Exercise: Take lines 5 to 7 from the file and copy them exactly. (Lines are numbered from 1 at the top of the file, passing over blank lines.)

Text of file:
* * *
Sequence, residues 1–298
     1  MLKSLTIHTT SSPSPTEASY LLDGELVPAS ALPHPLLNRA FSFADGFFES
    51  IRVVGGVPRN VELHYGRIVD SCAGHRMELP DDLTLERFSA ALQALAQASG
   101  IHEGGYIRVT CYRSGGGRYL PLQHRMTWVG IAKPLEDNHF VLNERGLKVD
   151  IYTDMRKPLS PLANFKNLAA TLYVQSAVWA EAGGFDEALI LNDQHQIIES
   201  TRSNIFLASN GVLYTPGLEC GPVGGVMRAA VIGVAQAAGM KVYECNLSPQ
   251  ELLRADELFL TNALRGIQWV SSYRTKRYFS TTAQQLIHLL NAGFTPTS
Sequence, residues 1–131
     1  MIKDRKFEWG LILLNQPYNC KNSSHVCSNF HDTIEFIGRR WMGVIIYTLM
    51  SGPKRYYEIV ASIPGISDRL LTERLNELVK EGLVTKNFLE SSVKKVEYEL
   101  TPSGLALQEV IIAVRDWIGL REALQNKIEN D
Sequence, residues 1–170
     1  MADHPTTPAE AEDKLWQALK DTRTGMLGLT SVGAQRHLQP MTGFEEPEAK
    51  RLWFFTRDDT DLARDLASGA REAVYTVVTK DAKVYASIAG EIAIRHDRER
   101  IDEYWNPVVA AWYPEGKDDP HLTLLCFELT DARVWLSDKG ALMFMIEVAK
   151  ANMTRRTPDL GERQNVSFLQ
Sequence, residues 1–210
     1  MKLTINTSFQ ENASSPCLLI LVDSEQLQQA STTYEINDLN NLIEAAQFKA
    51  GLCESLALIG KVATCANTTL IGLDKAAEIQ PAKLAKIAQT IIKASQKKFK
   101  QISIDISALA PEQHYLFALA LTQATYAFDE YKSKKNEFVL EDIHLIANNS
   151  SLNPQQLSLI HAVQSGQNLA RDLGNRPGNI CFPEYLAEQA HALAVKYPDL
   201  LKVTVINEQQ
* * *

   151  IYTDMRKPLS PLANFKNLAA TLYVQSAVWA EAGGFDEALI LNDQHQIIES
   201  TRSNIFLASN GVLYTPGLEC GPVGGVMRAA VIGVAQAAGM KVYECNLSPQ
   251  ELLRADELFL TNALRGIQWV SSYRTKRYFS TTAQQLIHLL NAGFTPTS